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Bilateral pulmonary edema after endoscopic sympathectomy in a patient with glucose-6-phosphate dehydrogenase deficiency

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Transaxillary endoscopic sympathectomy of thoracic ganglia (T2–T3) has recently gained wider acceptance as the treatment of choice for palmar hyperhidrosis. It requires one-lung ventilation to facilitate the surgery. One-lung ventilation, however, is not without complications, among which acute pulmonary edema has been reported. In this case report, we present a patient with palmar hyperhidrosis complicated by glucose-6-phosphate dehydrogenase (G-6-PD) deficiency, who received bilateral endoscopic sympathectomy under alternate one-lung anesthesia, and developed acute pulmonary edema immediately after recruitment of the successive collapsed lung. The effects of hypoxemia, G-6-PD deficiency and sympathectomy might all add to the development of acute pulmonary edema secondary to reexpansion of each individual lung after alternate one-lung ventilation. The possibilities of the inferred causes are herein discussed.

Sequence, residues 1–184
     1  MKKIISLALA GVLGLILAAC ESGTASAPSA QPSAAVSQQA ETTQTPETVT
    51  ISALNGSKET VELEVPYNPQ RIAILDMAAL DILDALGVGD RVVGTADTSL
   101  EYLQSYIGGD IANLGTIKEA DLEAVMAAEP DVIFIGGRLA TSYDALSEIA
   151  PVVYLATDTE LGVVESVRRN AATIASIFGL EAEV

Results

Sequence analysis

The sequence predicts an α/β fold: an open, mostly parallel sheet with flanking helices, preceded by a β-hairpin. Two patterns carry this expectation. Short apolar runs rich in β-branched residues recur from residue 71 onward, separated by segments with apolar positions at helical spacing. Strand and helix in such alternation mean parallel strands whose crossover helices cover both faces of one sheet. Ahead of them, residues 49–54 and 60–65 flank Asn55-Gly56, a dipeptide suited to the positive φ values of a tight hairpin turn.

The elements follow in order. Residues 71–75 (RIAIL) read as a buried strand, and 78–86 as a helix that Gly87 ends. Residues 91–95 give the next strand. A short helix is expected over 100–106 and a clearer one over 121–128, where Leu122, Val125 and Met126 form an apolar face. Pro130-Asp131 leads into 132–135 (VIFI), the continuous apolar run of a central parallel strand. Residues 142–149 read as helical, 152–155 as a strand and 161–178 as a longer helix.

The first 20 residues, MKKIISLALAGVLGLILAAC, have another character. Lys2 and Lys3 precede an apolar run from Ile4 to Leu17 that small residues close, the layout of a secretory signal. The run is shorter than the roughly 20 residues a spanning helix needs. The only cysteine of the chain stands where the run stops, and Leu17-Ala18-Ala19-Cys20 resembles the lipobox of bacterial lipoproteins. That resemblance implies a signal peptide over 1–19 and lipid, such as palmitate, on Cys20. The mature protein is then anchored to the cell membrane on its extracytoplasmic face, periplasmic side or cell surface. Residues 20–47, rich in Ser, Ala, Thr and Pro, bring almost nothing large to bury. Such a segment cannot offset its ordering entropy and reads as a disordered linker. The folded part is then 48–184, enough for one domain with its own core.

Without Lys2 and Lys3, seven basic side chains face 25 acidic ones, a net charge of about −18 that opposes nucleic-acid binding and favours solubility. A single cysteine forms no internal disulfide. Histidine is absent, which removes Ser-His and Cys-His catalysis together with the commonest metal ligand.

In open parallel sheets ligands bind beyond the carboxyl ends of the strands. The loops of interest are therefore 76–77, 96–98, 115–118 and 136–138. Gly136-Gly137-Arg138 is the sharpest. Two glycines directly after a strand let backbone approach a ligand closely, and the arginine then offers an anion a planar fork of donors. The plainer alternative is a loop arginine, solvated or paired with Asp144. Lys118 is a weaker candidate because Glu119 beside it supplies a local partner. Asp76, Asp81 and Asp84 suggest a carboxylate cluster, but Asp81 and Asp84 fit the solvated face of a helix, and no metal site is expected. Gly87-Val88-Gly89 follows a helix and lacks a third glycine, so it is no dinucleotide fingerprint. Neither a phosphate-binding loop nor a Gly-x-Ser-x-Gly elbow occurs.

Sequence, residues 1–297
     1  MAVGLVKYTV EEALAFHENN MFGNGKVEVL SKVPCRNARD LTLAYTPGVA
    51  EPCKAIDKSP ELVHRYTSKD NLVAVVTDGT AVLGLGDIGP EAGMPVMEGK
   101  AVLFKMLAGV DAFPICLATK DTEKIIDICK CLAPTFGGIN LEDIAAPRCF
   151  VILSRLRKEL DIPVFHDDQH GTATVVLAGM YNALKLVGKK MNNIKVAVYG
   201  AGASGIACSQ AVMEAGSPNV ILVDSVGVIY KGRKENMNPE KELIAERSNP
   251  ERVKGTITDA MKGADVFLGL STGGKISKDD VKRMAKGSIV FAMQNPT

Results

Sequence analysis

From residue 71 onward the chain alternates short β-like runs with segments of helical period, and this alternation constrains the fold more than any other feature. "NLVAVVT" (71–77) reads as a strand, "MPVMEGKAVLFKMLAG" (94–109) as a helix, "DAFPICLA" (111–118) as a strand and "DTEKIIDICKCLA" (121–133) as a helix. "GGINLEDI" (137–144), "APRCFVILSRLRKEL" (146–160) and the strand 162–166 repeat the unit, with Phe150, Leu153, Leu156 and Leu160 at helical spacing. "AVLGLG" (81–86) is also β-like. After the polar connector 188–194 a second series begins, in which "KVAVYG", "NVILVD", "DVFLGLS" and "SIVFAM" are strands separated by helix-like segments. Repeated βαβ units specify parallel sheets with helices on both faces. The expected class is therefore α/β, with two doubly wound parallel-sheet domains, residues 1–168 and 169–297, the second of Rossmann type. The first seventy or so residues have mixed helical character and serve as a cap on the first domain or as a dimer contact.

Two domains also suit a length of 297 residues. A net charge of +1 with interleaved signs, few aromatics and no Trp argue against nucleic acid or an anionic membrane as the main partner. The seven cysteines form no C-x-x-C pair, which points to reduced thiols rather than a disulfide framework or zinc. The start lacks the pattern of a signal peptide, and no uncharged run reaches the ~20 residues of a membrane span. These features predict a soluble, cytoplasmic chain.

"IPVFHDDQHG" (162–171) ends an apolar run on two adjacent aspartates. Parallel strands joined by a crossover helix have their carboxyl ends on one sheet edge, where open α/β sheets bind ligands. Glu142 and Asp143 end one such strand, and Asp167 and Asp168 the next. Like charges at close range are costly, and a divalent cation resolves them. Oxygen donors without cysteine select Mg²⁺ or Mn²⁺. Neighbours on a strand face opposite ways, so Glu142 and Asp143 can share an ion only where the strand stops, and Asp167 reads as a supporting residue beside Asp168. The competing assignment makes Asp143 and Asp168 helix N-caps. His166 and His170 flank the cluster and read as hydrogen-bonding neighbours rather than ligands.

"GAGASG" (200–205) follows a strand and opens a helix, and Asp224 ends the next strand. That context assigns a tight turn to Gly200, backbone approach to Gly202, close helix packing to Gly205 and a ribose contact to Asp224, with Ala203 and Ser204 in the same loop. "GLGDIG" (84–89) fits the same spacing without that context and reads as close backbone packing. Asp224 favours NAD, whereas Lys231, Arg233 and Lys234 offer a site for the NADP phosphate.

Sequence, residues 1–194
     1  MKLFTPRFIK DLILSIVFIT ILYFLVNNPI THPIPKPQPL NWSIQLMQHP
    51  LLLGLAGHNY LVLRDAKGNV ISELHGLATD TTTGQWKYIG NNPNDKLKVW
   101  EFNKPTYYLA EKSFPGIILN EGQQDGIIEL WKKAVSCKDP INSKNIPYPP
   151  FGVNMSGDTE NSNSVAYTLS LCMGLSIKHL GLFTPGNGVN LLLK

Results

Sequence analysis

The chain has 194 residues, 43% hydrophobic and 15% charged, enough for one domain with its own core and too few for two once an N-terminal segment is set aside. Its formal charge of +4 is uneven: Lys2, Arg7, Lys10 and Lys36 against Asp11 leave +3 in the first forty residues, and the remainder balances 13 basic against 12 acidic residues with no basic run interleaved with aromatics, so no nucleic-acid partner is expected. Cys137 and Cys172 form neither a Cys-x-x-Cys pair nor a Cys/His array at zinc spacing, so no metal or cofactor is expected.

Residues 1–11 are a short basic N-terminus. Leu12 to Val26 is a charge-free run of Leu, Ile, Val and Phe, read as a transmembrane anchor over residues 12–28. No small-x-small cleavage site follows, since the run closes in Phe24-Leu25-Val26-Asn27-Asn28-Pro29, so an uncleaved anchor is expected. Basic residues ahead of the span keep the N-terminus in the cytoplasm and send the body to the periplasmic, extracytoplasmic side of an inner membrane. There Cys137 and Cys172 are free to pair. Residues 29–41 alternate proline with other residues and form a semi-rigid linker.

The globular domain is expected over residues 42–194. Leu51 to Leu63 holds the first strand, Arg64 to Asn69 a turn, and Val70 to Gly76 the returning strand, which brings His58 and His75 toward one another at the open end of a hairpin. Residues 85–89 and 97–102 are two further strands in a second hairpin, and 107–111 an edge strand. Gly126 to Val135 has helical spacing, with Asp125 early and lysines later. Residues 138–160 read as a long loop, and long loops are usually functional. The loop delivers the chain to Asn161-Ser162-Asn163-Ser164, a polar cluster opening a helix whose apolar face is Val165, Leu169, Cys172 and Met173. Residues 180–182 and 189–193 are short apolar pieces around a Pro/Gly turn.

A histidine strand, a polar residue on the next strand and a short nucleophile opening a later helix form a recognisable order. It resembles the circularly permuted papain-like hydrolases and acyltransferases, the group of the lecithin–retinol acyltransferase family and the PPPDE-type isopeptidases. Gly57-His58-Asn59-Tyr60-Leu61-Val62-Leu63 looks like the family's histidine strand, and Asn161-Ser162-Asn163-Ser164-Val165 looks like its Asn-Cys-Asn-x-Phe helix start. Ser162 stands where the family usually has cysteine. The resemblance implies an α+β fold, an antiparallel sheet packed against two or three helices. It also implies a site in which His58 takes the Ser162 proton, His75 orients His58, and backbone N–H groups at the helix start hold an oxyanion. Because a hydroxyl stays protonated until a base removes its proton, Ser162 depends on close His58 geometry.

Keywords: Endoscopic sympathectomy; glucose-6-phosphate dehydrogenase deficiency; palmar hyperhidrosis; pulmonary edema; reexpansion

Document Type: Research Article

Publication date: January 1, 2001


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